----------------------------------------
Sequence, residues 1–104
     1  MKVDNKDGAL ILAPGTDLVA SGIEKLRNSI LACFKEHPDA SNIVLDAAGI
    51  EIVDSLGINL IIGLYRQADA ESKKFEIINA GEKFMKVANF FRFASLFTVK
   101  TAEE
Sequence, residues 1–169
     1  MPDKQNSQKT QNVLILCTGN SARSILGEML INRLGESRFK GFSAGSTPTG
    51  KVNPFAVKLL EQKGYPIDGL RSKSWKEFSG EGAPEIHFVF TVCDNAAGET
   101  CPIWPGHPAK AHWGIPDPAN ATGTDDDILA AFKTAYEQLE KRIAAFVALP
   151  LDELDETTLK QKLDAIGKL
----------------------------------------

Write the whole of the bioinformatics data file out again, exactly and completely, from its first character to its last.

Sequence, residues 1–104
     1  MKVDNKDGAL ILAPGTDLVA SGIEKLRNSI LACFKEHPDA SNIVLDAAGI
    51  EIVDSLGINL IIGLYRQADA ESKKFEIINA GEKFMKVANF FRFASLFTVK
   101  TAEE
Sequence, residues 1–169
     1  MPDKQNSQKT QNVLILCTGN SARSILGEML INRLGESRFK GFSAGSTPTG
    51  KVNPFAVKLL EQKGYPIDGL RSKSWKEFSG EGAPEIHFVF TVCDNAAGET
   101  CPIWPGHPAK AHWGIPDPAN ATGTDDDILA AFKTAYEQLE KRIAAFVALP
   151  LDELDETTLK QKLDAIGKL